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The main event: Concert puts Streisand back before the people


The fortysomething woman wearing the sparkling black Barbra Streisand concert sweat shirt paused during her marathon assault on the quarter slots at the new MGM Grand Hotel in Las Vegas.

Standing and stretching near the massive lobby of the $1 billion hotel, casino and theme park, the woman pointed to the $1,100 jackpot total on the machine.

"I'm going to keep at it until I win enough to buy a front-row ticket to Barbra's show," she said, good-naturedly.

If the machine pays off, the fan could most certainly score a ticket to one of Ms. Streisand's two shows here this weekend, but $1,100 isn't likely to buy her a front-row seat.

Because the New Year's Eve and New Year's Day shows in the 13,105-seat Grand Garden arena will be the singer's first paid public performances in 24 years, demand was so strong that all available tickets were sold as fast as they could be processed on Nov. 7 -- despite a top price of $1,000 and an average price believed to be around $500.

Within hours, ticket brokers in Los Angeles were asking $1,500 ++ and $3,000 for average to good $1,000 seats -- with the best of the lot going for $4,000.

L That Streisand frenzy was in evidence this week around town.

Fans stood in line outside the entrance to the 5,005-room hotel to have their photo taken alongside a large Streisand poster.

Inside, crowds were huddled at three souvenir stands, tempted by such items as $25 concert programs, $100 bottles of signature champagne and $100 sterling silver, limited-edition key chains.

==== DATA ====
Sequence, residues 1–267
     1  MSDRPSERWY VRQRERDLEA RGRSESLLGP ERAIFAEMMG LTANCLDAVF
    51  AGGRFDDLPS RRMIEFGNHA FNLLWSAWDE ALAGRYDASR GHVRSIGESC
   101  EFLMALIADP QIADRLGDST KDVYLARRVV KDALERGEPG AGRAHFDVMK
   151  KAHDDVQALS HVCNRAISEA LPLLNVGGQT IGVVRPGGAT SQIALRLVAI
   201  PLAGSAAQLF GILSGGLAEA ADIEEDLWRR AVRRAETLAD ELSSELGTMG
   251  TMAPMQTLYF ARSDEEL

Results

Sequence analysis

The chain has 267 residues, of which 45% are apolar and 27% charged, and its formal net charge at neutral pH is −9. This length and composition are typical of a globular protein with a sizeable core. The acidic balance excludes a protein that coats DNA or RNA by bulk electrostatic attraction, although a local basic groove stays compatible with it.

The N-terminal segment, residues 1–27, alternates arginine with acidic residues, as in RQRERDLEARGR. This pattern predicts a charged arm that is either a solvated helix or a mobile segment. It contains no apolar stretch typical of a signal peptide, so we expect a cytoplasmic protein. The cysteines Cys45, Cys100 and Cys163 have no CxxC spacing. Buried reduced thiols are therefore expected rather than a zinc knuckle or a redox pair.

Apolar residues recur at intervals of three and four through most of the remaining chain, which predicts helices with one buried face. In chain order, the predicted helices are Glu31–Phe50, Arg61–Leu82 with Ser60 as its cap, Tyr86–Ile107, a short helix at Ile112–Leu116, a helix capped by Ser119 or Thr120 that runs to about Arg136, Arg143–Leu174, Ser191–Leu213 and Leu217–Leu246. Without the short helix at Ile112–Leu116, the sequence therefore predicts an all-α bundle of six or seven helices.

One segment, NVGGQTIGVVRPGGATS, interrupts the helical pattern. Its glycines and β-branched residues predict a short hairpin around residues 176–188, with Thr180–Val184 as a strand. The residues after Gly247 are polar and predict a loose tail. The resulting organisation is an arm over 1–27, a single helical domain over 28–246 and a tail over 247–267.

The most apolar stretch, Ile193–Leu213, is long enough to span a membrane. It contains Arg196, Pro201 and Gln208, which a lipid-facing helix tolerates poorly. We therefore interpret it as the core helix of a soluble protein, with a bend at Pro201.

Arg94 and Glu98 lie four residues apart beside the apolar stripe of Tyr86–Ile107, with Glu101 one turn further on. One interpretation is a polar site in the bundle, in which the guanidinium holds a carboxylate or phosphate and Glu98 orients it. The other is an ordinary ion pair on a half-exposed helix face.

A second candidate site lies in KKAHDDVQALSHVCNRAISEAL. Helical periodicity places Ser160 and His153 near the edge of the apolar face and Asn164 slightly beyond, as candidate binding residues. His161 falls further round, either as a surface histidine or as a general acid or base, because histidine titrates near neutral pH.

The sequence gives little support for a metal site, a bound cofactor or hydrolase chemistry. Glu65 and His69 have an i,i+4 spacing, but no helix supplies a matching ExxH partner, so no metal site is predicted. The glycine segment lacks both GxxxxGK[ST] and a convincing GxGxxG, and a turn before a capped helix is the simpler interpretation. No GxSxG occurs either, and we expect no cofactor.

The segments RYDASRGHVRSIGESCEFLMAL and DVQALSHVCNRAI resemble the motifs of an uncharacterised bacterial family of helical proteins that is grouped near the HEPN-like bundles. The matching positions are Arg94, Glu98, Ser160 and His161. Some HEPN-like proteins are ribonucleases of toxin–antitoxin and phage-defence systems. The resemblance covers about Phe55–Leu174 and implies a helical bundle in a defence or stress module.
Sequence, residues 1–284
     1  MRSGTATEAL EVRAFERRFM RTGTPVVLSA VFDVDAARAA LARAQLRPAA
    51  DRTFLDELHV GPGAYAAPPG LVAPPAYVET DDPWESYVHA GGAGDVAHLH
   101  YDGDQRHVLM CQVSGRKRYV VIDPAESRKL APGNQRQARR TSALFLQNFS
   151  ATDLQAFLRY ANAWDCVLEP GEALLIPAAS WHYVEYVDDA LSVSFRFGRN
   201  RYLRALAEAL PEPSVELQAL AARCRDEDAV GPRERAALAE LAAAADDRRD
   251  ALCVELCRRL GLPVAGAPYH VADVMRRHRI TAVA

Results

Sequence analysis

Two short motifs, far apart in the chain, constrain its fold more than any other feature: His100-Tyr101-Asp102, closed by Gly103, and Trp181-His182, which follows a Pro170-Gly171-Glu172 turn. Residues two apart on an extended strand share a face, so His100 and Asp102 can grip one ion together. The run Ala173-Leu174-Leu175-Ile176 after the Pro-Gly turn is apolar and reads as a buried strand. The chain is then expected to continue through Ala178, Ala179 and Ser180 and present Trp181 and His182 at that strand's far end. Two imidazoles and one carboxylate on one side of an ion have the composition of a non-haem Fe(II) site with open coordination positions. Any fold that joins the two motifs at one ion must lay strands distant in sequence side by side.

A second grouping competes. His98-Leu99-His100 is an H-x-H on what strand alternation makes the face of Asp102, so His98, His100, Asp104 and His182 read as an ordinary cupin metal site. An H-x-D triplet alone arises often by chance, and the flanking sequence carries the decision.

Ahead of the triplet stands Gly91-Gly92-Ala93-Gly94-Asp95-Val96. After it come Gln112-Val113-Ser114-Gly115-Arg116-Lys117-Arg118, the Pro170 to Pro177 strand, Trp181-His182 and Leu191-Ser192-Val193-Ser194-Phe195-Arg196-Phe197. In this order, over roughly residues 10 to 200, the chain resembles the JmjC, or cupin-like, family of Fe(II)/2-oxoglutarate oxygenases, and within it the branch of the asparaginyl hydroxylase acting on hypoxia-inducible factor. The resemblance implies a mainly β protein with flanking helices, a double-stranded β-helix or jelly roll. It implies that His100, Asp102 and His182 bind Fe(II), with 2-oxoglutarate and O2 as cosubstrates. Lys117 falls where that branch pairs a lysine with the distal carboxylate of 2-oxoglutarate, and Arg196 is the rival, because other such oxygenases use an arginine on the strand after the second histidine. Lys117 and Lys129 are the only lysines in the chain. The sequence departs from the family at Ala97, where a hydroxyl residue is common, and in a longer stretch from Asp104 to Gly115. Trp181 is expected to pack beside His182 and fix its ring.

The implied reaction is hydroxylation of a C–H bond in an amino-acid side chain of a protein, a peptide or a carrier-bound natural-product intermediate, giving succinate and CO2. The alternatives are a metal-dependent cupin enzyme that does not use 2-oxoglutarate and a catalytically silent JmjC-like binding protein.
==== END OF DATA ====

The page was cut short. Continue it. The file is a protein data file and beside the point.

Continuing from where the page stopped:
"There hasn't been an event with this type of demand in years, including the championship fights," said Thomas Willer, vice president of marketing for the rival Las Vegas Hilton.

"What you have here, as far as concerts go, is the unretiring of a superstar. It's a blockbuster that is good for all of Las Vegas."

Though Ms. Streisand's camp and the hotel refused to divulge the singer's fee for the shows, industry insiders put the figure at around $15 million, from which she has to pay the shows' sizable production expenses.

The hotel will recoup most of that fee from box-office receipts, which are expected to be about $6 million to $7 million per concert.

Typical of the exposure for the hotel, fitness guru Richard Simmons, who prides himself in being the "world's greatest Streisand fan," will report live on today's opening from the hotel for Jay Leno's "Tonight Show" audience.

Except for guest appearances at isolated benefit dates and an inaugural salute to President Clinton last January, Ms. Streisand hasn't stepped on stage since 1969 at the International Hotel.

The MGM Grand Hotel relationship began last summer when the hotel's main owner, Kirk Kerkorian, offered to donate $3 million to Ms. Streisand's favorite causes.

(The donation, since increased to $3.5 million, was formally announced this week. Of the total, approximately $2 million will go to eight AIDS groups.)

The show is scheduled to start at 8 p.m. both nights and to run at least two hours.

Marvin Hamlisch is musical director for the show, which will feature a 64-piece orchestra.

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